'Mario Golf: Super Rush' revives a nostalgic sports title with motion controls
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By Shannon Liao
If you miss the putting green, Nintendo has you covered: "Mario Golf: Super Rush" arrives on the Nintendo Switch June 25 and costs $59.99.
The series dates back to the late 1980s, when games were still being released on floppy disks and inserted into the Nintendo Famicom Disk System. Like the previous games, in "Super Rush" you can play as Mario or any of a series of familiar faces. There's a story mode where you face off against bosses using your golf skills, as well as a regular golf mode for playing against friends or computer foes.
The Washington Post was allowed to preview the game ahead of time. From what we've seen so far, "Mario Golf: Super Rush" is a big improvement on the 2014 "Mario Golf World Tour" title on the Nintendo 3DS. In "Super Rush," players can use motion controls to swing the Nintendo Switch joy-cons as if they're actually swinging a golf club, making this game reminiscent of Wii Sports titles.
In "Super Rush," players who crave a good story can try Golf Adventure mode, where they start off in Camp House, which is the birthplace of golf in the Mushroom Kingdom. They play as a Mii character they customize (unfortunately playing as the iconic Mario is not an option). Birdo, a pink dinosaur-like character from the Mario games, is the Camp House mama, and players will need to talk to her to get situated. Golf Adventure is littered with mysterious characters standing around that the player can talk to, and some who will become important to the story later on. Wario and Waluigi are also present.
We don't know too much of what the story is about so far, but we do know there are multiple bosses players take on by completing various golf challenges.
Those who want to skip the story and just play golf can do that. In "Super Rush," players unlock characters and golf courses over time, either by playing more games of golf or progressing through the Golf Adventure. There are 16 characters and six golf courses to unlock, not including the Mii characters that can be added in.
Many of those 16, including Mario, Luigi, Princess Peach and Bowser, will be familiar to players returning to the franchise; some are new additions. It's the first time that Mario's first love interest, Pauline, and Charging Chuck, who is still dressed like he's playing American football, are making it into a "Mario Golf" game.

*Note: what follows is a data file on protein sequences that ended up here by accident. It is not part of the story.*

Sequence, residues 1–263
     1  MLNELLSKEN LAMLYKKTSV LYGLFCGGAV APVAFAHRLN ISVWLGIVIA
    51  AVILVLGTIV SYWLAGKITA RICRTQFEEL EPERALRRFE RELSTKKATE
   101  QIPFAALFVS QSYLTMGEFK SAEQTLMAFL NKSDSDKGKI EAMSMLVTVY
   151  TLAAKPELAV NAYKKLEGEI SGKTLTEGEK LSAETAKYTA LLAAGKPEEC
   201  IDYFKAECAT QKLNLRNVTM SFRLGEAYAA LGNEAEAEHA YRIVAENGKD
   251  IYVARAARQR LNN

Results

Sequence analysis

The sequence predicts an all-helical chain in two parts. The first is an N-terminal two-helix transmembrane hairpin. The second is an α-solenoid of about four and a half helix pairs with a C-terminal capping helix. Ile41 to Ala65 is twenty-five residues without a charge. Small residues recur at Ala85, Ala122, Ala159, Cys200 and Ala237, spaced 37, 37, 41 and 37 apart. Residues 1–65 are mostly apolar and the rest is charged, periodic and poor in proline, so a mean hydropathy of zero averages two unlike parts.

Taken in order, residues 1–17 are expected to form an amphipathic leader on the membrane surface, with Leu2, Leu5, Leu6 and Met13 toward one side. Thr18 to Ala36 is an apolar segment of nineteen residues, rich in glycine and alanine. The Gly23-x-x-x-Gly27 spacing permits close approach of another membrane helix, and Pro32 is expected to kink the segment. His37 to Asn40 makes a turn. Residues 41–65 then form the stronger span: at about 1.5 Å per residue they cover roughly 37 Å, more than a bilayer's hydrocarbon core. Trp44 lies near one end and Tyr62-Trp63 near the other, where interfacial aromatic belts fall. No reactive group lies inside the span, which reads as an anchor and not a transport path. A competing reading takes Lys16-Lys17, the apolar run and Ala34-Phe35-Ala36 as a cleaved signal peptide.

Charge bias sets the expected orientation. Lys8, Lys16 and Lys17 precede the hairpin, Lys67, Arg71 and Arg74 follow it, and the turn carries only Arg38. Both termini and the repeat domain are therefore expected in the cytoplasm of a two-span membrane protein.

Each character has a special shot that makes the game more fantastical than real-life golf. Yoshi's special shot, for instance, turns golf balls into eggs. Bowser Jr. has a special shot that adds a smoke screen to obscure players' vision of their ball and where they are trying to aim. Donkey Kong has a powerful explosion that blasts away all balls in the surrounding area and any characters nearby.
At its core, however, "Mario Golf" is still all about golf as we know it: getting the ball into the hole in as few strokes as possible. The game's characters will emote when they land a particularly good shot, such as a birdie putt. When they fail to make par, they'll look upset. The game has a golf guide section that players can pull up to reference golf lingo, rules and gameplay controls.
Of the settings in the game, Rookie Course looks more like a traditional golf course, while some courses like Ridgerock Lake or Bowser Highlands will feature more recognizable elements from "Mario" games. Ridgerock Lake, for instance, features Ty-foo, enemies from the Mario franchise that are giant clouds that blow across the map, presenting a challenge to players trying to aim precisely.
Two parts of the game were not shown during the media preview The Post attended: solo challenge and battle golf.
Other than those, the game comes with modes like standard golf and speed golf - where the goal is to hit the ball, then chase it down and finish each hole as fast as possible.
Network play is available to connect and play with online friends. Up to two people can share one Joy-Con each from a single Switch console, while up to four can play together online.
So far, "Mario Golf: Super Rush" looks like a bustling wave of nostalgia. As we get closer to the game's release, we'll have more details to share.
The Washington Post